NJ Rate Counsel Urges State to Consider Customer Cost of EMP: We Agree

Rate impacts of New Jersey’s Energy Master Plan are not being seriously considered for families, businesses and industrial electricity customers
Michael Butler, Mid-Atlantic Director for Consumer Energy Alliance

As New Jersey Division of Rate Counsel director Stefanie Brand said, “Modeling being carried out by a state utility board consultant on how to achieve the state’s clean energy goals must include a rate impact analysis for residential, commercial and industrial electricity customers.”

Right now, it doesn’t.

That’s a risky proposition for New Jersey’s families and businesses because the state’s Energy Master Plan (EMP) currently follows the wish lists of extreme energy activists instead of asking what the cost is.

“The rate impacts of the various scenarios that are being modeled are of utmost importance,” Brand recently said in comments filed with the state Board of Public Utilities (BPU), which is taking comments on the draft plan. One component of that is the Integrated Energy Plan (IEP), a modeling exercise carried out by the consultant, the Rocky Mountain Institute (RMI).

What’s even riskier is the fact that the IEP won’t be finished before the public comment period for the BPU closes. If that happens, no one in New Jersey will be able to comment about the cost of the plan, a fact Consumer Energy Alliance and six other groups representing most aspects of our state’s economy, highlighted in a recent letter to the BPU’s president.

New Jersey’s residents should also be aware of who the consultant is, what their motivations are, and their funding by ideologically-driven billionaires who collectively oppose natural gas — many of whom have business interests in the adoption of clean energy technology.

The RMI knows full well what the cost of a clean energy policy looks like because they shelled out $1,900 apiece for 70 heated chairs for their employees.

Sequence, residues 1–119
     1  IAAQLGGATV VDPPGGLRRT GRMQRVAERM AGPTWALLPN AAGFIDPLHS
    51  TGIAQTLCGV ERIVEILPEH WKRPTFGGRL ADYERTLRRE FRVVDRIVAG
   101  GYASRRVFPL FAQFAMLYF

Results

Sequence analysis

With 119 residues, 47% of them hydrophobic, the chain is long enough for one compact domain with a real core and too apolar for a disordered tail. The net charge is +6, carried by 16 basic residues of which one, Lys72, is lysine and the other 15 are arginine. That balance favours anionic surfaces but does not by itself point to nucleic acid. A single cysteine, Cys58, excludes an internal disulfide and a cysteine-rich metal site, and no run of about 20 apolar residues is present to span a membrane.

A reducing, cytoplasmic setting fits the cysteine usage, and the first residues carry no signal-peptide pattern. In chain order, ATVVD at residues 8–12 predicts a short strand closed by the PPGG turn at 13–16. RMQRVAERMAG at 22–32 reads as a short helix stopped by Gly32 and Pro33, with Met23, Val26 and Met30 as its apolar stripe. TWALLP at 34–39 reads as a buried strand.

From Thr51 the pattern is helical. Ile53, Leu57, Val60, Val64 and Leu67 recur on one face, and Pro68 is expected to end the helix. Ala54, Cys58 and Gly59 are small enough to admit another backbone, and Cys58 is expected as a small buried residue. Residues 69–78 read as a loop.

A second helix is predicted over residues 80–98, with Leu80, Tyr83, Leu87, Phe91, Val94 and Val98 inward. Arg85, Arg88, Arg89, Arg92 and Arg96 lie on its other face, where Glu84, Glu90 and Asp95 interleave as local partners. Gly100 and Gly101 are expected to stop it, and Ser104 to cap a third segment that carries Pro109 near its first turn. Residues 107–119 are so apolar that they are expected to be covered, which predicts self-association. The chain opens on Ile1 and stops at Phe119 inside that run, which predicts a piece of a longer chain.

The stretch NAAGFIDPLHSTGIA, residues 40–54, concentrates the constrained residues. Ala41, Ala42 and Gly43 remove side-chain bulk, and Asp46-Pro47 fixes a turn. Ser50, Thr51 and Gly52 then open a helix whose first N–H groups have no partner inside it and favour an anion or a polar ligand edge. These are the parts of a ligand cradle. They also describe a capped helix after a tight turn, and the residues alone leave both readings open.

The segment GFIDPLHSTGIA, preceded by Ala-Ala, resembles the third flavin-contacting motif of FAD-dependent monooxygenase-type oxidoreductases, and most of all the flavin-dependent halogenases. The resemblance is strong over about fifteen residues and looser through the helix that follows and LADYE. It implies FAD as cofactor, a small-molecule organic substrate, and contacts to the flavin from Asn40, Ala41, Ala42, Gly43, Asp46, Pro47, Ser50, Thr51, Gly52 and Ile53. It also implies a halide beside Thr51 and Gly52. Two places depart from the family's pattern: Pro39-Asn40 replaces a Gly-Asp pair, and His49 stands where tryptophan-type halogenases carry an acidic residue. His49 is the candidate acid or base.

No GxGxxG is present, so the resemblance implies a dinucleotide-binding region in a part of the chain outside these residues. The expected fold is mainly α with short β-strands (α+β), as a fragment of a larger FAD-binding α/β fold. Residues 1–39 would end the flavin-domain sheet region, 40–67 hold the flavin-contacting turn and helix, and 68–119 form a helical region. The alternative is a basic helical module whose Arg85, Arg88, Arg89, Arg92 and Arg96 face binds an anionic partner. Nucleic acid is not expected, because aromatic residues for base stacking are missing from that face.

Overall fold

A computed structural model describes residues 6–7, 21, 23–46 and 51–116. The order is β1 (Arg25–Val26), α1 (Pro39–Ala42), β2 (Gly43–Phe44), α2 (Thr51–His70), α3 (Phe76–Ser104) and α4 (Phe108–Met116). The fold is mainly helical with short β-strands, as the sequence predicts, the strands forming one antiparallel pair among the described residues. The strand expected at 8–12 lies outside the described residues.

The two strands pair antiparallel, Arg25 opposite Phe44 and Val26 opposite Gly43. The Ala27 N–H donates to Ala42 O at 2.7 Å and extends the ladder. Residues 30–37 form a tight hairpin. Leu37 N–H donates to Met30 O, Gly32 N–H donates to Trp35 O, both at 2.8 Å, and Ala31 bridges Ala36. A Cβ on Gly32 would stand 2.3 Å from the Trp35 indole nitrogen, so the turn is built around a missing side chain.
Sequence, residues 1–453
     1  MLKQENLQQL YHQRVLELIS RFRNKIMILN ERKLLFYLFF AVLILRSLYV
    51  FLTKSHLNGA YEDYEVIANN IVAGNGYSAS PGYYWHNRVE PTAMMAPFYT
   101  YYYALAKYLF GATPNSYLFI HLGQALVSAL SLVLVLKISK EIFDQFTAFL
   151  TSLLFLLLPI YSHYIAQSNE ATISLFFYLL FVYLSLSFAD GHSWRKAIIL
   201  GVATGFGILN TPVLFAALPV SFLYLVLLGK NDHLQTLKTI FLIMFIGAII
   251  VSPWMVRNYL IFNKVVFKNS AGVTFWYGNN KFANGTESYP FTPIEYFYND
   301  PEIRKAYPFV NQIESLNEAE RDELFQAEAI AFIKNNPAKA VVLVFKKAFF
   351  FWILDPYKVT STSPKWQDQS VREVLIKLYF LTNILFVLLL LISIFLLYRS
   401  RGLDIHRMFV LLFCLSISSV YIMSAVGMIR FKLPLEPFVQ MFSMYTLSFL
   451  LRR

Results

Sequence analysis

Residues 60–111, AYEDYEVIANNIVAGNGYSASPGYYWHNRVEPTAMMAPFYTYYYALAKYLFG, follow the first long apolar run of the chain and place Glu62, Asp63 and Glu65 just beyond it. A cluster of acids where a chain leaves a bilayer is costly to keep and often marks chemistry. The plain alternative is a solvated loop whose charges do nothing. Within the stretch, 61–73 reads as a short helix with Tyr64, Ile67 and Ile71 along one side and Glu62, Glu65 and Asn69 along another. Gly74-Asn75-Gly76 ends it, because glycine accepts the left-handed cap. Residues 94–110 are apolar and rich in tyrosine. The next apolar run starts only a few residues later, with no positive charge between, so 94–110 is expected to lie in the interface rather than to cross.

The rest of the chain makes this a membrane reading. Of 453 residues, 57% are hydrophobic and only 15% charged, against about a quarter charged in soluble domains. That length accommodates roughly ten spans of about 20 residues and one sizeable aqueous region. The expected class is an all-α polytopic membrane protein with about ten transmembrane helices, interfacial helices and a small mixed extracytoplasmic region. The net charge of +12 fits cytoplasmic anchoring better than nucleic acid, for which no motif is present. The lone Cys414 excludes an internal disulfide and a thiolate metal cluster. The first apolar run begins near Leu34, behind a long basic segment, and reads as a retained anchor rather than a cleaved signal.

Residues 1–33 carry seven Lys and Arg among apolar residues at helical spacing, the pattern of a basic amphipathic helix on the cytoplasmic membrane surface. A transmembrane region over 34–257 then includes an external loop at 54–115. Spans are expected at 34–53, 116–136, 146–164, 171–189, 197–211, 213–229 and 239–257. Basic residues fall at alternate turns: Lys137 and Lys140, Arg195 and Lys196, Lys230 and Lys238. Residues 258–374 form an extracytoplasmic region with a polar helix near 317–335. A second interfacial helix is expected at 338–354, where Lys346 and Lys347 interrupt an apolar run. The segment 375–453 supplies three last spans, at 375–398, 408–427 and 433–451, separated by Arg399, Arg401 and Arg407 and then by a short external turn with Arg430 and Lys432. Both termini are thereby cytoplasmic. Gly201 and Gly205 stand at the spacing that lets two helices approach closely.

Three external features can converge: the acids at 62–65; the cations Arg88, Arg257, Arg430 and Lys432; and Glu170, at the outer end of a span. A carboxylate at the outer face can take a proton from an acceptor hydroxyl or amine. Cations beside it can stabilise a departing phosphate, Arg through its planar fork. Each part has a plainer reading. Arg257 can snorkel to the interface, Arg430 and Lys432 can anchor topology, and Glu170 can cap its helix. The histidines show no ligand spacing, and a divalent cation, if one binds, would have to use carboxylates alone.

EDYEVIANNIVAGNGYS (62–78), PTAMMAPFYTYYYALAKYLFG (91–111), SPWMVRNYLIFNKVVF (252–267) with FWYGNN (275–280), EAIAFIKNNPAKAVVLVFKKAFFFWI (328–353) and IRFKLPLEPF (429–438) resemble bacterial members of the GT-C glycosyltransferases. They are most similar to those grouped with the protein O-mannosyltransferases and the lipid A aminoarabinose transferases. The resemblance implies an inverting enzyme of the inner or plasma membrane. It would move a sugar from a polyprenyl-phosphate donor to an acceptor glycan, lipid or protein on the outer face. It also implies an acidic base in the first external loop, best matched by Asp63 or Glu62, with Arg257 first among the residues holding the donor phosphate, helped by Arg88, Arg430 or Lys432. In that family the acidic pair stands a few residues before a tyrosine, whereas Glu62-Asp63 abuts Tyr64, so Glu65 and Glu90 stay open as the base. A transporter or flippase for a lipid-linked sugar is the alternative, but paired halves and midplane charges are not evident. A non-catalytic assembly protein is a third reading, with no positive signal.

Why? Not for luxury, but because part of their formula for getting to 100% clean energy means reducing demand. RMI decided not to include central heating in their alpine Colorado headquarters, so they have to instead heat each employee through the kind of chair usually found in luxury cars.

While we applaud the ingenuity — and the hardiness and commitment of employees who can tolerate inside temperatures as low as 64 degrees and as high as 82 degrees — we cannot endorse that kind of extreme thinking for families and businesses who need affordable energy.

So when the RMI is preparing economic modeling that doesn’t include a cost analysis for customers, be they residential or commercial, we have to wonder what they don’t want us to know.

There are two things we do know already, though, without any help from billionaire-funded think tanks.

One, the lack of adequate natural gas supply in New Jersey has already contributed to us having the 11th highest electricity bills in America.

And two, New Jersey should be wary of energy policy advice emanating from an institution that thinks $1,900 heated chairs are a creative solution to staying warm in the winter.

Michael Butler is Mid-Atlantic Director for Consumer Energy Alliance.


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